It helps to think about the damaged area as a very shallow bowl, where the bare wooden floor is the base of the bowl and the undamaged floor surface surrounding the damaged area is the rim. The inside of the bowl is rough and ridged and the uneven raised rim makes it look like the crater of a volcano in miniature.

You need to sand the damaged area smooth so you get a gradual transition between the bare wood and the undamaged surface. As you apply each coat of varnish during the repair process, you’re filling about a third of the bowl. By the third coat, the freshly applied varnish has filled the damaged area to the same level as the existing varnish finish.

  • Stage 1 – The first stage is to gently sand the edge of the varnish from the bare wood area of the ‘bowl’ you’ve visualised to around 150mm beyond the edge of the bare patch. Use a fine 150 grit sandpaper to get a nice smooth transition from the bare wood to the edge of the repair area. There shouldn’t be any trace of a lip or edge between the damaged and undamaged areas, and you’ll be able to feel when you’ve got it right. Run your hand over the sanded area to check you’ve sanded the edge completely smooth.
  • Stage 2 – Hoover or wipe the area carefully to remove all traces of sanding dust and debris.
  • Stage 3 – Apply a thin coat of varnish, ideally with a small brush, to just the bare wood area for starters, overlapping the thinnest, sanded area of original varnish by 10mm or so.
  • Stage 4 – Allow the varnish to dry thoroughly.
  • Stage 5 – Gently rub the dry finish with a fine 320 grit sandpaper to get rid of rough bits and particles (a process called de-nibbing) then vacuum or wipe the area with a clean, dry cloth to remove all traces of sanding dust.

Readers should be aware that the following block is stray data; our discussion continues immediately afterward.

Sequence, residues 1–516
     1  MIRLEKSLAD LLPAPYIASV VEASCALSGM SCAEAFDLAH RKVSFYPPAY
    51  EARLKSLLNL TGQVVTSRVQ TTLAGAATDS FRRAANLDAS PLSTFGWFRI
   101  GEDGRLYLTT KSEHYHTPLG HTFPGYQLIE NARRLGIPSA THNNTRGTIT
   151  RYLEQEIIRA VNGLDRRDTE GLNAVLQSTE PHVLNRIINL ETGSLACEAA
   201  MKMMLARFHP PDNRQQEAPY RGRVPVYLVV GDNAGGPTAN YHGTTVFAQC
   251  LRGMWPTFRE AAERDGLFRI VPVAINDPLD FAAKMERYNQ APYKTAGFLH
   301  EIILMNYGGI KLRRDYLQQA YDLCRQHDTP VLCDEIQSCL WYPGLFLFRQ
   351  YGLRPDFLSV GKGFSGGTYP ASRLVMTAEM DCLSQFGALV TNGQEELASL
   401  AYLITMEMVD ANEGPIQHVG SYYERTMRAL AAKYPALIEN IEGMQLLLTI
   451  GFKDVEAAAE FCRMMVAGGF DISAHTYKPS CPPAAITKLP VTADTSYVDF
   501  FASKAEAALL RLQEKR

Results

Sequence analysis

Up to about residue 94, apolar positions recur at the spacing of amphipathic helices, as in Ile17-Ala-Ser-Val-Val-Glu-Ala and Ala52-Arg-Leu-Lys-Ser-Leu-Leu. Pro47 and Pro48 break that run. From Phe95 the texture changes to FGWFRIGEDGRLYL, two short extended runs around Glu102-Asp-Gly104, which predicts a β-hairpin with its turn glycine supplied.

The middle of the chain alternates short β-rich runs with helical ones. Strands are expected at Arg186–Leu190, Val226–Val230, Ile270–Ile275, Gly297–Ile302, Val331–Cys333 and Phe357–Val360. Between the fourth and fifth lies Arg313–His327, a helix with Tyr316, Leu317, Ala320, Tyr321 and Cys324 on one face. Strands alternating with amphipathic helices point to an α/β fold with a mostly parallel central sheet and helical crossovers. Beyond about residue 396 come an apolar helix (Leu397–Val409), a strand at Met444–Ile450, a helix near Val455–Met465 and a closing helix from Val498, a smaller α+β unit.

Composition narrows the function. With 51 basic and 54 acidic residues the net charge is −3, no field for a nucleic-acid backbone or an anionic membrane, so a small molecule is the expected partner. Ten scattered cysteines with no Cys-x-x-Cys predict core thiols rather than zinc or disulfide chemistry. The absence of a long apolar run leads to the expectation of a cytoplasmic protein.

• Stage 6 – Apply a second thin coat of varnish from the centre of the repair but this time go as far as 100mm from the bare wood area, and about 50mm in from the undamaged floor surface area.
  • Stage 7 – Let the finish dry thoroughly then gently de-nib the freshly coated area with a fine 320 grit sandpaper, then hoover or wipe the area to remove stray sanding dust.
  • Stage 8 – Apply a final coat thinly over the whole repair area up to the point where the good varnish starts and overlapping the good floor surface by around 10mm.

What about aiming for total wood floor repairs perfection?

Varnish repair and maintenance is part and parcel of most real wooden floor restoration projects. While you are unlikely to achieve perfection, the current trend for preserving a beautiful, interesting patina means flawlessness isn’t as desirable as it was not so long ago, when we were all decorating in immaculate minimalist boutique hotel style.

Wood is natural and flawed, every piece is unique and the wear and tear you and your family create contributes to the floor’s beauty and personality. Taking care to maintain a varnished floor and dealing with areas of wear and damage quickly means you’ll prevent damaged areas from getting worse, extending the usability and enjoyment of wooden floors for longer, if not a lifetime.

If you’d like to discus your next wooden floor restoration project with one of our experts, we’re always pleased to help. They’ll give you the low down on the finishing side of how to repair wooden floors, whether it’s adding a stunning wax finish, oil or varnish. Just give us a call.

26 Responses to “Wood Flooring Varnish Repair”

  1. ised Says:

    Hello, I would like to subscribe for this website to take hottest updates, therefore where can i do it please
    assist.

  2. Sam Taylor-Casey Says:

    To subscribe to our newsletters and up to date information, go to our home page on the website where you can sign up. Thank you for your inquiry – Sam

  3. Emigh Says:

    We are currently refinishing our hardwood Maple floors. We sanded the floor down to the wood (or so we thought) and we have started our test spot and noticed that after staining (using a Bona medium brown color) there are bald spots from where the stain is not absorbing, because we were not able to remove all of the old varnish as we had thought we had!

    Do you have suggestions for fixing these areas/spots that have already been stained? Liquid sand paper on those areas, a gel stain closely matching the color of stain?

    These maple floors have been quite challenging, but we are determined to have them stained a rich brown color in our new dream home!